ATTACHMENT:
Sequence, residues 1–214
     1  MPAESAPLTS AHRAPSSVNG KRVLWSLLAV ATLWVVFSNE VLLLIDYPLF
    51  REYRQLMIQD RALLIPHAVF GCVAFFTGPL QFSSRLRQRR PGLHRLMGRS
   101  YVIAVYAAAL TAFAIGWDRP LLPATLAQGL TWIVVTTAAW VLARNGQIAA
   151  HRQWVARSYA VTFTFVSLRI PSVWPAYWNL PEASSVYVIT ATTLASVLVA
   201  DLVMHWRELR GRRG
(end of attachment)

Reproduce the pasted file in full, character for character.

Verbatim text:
Sequence, residues 1–214
     1  MPAESAPLTS AHRAPSSVNG KRVLWSLLAV ATLWVVFSNE VLLLIDYPLF
    51  REYRQLMIQD RALLIPHAVF GCVAFFTGPL QFSSRLRQRR PGLHRLMGRS
   101  YVIAVYAAAL TAFAIGWDRP LLPATLAQGL TWIVVTTAAW VLARNGQIAA
   151  HRQWVARSYA VTFTFVSLRI PSVWPAYWNL PEASSVYVIT ATTLASVLVA
   201  DLVMHWRELR GRRG